After NBC’s Dasha Burns interviewed Pennsylvania Lieutenant Governor John Fetterman this week about his U.S. Senate race against celebrity surgeon Mehmet Oz, progressives voiced outrage. Still, they recognized Burns’ reporting underscored that the candidate lost some mental acuity after he had a stroke this spring, and has yet to regain it.
Her conversation with Fetterman was the first one-to-one, sit-down interview he has given since the stroke. Reporting to anchor Lester Holt, Burns noted the candidate required closed captioning, a tool that his campaign insisted be available to him when he debates Oz in Harrisburg on October 25.
“In small talk before the interview without captioning, it wasn’t clear he was understanding our conversation,” she said. She observed while speaking to Fetterman that he has demurred when her network requested his medical records or an interview with a doctor who has treated him.
The entertainment news website The Wrap characterized Burns’ reporting as “mistreatment.” Leftist podcaster Kara Swisher called it “nonsense.” And Pennsylvania left-wing bigwigs echoed their distaste for Burns’ work, while sometimes acknowledging the same cognitive concerns she raised.
“The treatment of @JohnFetterman shows how far we still have to go on the stigma associated with mental & brain health and invisible disabilities,” liberal media strategist Brittany Crampsie wrote in a Twitter post. “If he had broken his leg, no one would question reasonable accommodations. Accessibility can apply to the brain and body.”
State Representative Mike Schlossberg (D-Allentown) was even harder on Burns.
“I need to talk about the genuinely atrocious coverage of @JohnFetterman’s stroke, interviews, and the need for a closed-captioning device,” he tweeted. “It’s genuinely awful, and reporters like @DashaBurns who made a big deal of it should be ashamed.”
Yet Burns was not alone among the national press to express worry about Fetterman’s cognition.
“He wants to be a U.S. senator and not a single Democrat cares that he can’t put three sentences together,” NewsNation’s Leland Vittert said in a broadcast last week. “Of course we wish him a speedy recovery and the like. But the U.S. Senate matters. The people in there matter.”
He made his remarks following a clip of Fetterman at a rally where the lieutenant governor said, “What is wrong with demanding for an easy, safe kind of their income? A path to a safe place for them to win.”
Concerns about whether Fetterman commands the cerebration necessary to serve effectively in the Senate came up this week on the Commentary magazine podcast. The magazine’s staff, conservative but not hyper-partisan, opined that Burns made appropriate observations about aspects of Fetterman’s alertness that, should they persist, would inevitably affect his performance in the Senate. They also deemed progressives’ reactions to her interview vicious and unfair.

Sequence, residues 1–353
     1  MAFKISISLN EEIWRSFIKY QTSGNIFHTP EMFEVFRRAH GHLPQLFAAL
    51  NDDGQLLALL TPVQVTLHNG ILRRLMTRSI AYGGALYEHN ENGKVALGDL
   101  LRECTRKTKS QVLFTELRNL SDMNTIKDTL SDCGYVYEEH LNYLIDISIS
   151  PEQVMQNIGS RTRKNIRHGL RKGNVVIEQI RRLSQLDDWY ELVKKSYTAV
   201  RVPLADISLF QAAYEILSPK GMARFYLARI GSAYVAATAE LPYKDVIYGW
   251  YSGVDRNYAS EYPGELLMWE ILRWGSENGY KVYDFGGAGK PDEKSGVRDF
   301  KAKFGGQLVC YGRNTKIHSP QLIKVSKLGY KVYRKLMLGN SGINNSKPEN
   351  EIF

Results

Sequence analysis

“Liberal journalists absolutely piled on her for pointing out what voters of Pennsylvania have known and anyone who has seen Fetterman post-stroke struggle with a public appearance knows,” media columnist Christine Rosen said. “She did her job. She reported on her understanding and experience with this candidate and for that she will be punished.”
Her editor, John Podhoretz, agreed, expressing sympathy for his struggle while pointing out that representing a state in the Senate requires the very communication skills that Fetterman presently lacks.
“It’s terrible,” he said. “I feel very, very sorry for him. He does not have the right to become senator from Pennsylvania because we should all feel sorry for him and because stroke victims are people too and should be able to be employed wherever they want to be employed.”
Oz’s party has deplored what it sees as a lack of transparency on Fetterman’s part, leaving constituents only to speculate about how capably Fetterman will be able to represent them, should a majority of voters send him to Washington. Republicans also emphasize that Oz, unlike Fetterman, has publicized his medical records.
“John Fetterman seems to think that he can lie to reporters about his health, hide his medical records and obstruct from being thoroughly vetted by Pennsylvanians without consequence,” Republican National Committee Spokesperson Sean Shute told The Pennsylvania Daily Star. “Pennsylvanians know John Fetterman is unfit for office, which is why Pennsylvania will elect Dr. Oz in November.”
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